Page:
7. Are you willing to give up control?
Franchising your company, brand, or concept will require you to cede a modicum of control to others – including some who will have played no part in the origination of your business. As a franchisor, your operations will be bound by regulatory oversight from the FTC. And some of the operational guidelines you’ll have to abide by may not offer you the total level of control you’ve become accustomed to having.
8. Are you at the forefront – or the storefront – of the business?
If you’re a business owner who’s always been intimately involved in the day-to-day operations, your role could dramatically change once you franchise your concept. From that point on, you’ll be working on the business, not in it. For some, that’s simply a bridge too far to consider. Are you one of them?
10. Is there adequate capital and buy-in, from all founders, to start an entirely new business?
If your company, brand, or concept involves more than one decision-maker, you’ll need a unanimous decision to attempt a franchising effort. And you’ll also need the capital necessary to expand, which sometimes doesn’t come easily – especially in times of constrained lending. All ships must sail in the same direction and even then, your biggest obstacle remaining could still be the funding you need to franchise your operation. Since we’re well aware that banks aren’t in the business of losing money, there’s simply no guarantee you’ll acquire the necessary funds to pursue a franchising operation. But you will have options, some of which you might not be aware of at this point.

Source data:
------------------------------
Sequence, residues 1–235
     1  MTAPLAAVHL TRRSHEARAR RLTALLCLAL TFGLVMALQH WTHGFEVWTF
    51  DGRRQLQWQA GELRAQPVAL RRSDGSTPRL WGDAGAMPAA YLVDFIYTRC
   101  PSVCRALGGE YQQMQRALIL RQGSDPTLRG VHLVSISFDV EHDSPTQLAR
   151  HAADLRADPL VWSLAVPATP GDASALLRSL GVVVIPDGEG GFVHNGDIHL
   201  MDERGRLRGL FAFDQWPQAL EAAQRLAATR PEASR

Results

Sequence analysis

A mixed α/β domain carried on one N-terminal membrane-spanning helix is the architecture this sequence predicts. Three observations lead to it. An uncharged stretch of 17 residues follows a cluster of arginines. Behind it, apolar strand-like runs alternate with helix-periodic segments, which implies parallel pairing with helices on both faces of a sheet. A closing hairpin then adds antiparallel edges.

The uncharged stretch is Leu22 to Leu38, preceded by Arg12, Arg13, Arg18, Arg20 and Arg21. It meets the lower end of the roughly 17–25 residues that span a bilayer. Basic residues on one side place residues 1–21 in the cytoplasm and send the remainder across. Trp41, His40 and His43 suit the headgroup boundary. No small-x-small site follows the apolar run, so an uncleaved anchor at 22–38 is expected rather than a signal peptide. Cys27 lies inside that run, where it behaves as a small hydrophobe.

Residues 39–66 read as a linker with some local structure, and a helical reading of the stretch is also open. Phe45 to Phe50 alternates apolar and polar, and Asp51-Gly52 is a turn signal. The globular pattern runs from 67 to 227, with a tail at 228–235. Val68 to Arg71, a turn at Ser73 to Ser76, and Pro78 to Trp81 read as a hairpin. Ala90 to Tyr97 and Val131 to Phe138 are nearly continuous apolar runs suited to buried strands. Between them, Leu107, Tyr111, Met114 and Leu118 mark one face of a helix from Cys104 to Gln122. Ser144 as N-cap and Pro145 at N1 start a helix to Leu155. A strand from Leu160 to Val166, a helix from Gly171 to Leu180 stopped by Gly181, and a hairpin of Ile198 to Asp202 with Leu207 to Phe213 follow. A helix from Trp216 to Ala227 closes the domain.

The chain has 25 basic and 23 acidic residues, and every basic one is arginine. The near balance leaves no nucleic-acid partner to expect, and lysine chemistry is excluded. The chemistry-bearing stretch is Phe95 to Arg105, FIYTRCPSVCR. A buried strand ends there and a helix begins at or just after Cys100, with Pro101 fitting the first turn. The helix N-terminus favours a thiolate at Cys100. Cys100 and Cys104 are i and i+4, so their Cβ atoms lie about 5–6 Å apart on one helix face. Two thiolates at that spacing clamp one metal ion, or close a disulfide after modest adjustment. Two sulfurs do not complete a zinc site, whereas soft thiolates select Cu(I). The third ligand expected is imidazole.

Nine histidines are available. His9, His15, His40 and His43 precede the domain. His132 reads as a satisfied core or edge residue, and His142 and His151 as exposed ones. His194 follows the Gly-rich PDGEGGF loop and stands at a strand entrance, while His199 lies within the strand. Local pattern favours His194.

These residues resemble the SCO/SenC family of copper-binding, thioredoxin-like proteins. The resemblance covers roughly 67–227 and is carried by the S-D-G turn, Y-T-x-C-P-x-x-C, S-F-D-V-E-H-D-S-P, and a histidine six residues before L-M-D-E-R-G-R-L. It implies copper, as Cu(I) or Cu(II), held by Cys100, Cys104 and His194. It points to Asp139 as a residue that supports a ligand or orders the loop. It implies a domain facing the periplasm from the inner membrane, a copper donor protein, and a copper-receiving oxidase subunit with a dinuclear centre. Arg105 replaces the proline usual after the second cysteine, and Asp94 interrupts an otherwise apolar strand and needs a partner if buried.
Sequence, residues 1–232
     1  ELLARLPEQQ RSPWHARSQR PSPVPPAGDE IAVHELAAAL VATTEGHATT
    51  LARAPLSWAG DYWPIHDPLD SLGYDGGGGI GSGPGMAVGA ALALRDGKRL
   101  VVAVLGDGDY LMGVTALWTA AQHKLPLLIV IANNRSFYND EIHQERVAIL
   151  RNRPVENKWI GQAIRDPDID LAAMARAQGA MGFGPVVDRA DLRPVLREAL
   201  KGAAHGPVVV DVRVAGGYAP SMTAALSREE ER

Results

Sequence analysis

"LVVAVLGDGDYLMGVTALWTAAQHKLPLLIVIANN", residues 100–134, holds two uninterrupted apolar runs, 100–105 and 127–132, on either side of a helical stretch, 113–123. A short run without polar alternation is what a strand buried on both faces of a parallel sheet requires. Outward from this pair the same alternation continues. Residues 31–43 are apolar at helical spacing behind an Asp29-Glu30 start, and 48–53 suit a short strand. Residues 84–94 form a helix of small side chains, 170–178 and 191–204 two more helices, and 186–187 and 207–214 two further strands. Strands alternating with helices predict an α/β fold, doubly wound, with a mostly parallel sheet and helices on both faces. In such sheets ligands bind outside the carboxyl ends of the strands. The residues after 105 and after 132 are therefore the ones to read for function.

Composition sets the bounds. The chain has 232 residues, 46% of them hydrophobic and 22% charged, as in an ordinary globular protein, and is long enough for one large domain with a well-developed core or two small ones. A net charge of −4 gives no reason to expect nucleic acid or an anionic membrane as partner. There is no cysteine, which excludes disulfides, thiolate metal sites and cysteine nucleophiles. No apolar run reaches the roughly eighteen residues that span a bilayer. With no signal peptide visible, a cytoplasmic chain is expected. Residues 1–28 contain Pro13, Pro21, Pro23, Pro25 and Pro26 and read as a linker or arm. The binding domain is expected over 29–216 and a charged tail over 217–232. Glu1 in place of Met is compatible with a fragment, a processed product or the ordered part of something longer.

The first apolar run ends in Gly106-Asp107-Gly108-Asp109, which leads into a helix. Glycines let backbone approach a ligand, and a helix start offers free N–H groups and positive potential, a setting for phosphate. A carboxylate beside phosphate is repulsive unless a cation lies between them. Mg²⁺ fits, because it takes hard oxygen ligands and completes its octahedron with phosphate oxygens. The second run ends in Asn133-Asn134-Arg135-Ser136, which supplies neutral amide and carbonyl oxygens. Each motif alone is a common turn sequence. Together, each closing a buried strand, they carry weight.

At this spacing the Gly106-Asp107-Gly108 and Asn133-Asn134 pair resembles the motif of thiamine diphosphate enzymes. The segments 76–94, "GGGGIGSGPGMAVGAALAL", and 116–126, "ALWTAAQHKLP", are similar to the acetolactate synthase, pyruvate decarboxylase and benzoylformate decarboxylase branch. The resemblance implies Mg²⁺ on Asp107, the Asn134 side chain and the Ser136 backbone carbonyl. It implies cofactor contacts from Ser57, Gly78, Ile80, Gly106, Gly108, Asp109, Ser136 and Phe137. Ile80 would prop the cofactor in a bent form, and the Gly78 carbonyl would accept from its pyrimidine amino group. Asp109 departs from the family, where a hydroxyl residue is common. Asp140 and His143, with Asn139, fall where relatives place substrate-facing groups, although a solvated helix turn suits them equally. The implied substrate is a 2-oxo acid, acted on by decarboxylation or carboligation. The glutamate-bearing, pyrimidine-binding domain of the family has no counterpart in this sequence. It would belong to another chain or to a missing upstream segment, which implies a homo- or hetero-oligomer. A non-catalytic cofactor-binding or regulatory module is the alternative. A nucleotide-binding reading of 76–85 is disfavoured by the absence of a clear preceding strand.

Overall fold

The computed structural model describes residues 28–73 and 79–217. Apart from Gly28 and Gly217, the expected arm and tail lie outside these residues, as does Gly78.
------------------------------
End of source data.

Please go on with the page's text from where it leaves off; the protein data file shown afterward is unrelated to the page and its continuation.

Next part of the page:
This “Necessary Nine” checklist of questions is designed to spur the uncomfortable conversations you’ll need to have before you can consider a future in franchising. These inquiries were developed over time, during my successful career as a franchise consultant and they cover the critical issues you’ll need to address before you make a final decision. I hope you’ll take them seriously.
And whatever you ultimately decide to do, I wish only the best of luck to you in your endeavors.
Blake Martin owns FranNet of The Heartland, a franchise brokerage, sales, and consulting firm that provides coaching and consultation for entrepreneurs and small business owners. He’s a Certified Franchise Executive (CFE) and a graduate of the University of Michigan’s Psychology Program. During his two decades in the franchising industry, Blake has provided practical advice in building franchise systems from the ground up, while helping hundreds of entrepreneurial clients become small business owners. He can be reached at [email protected].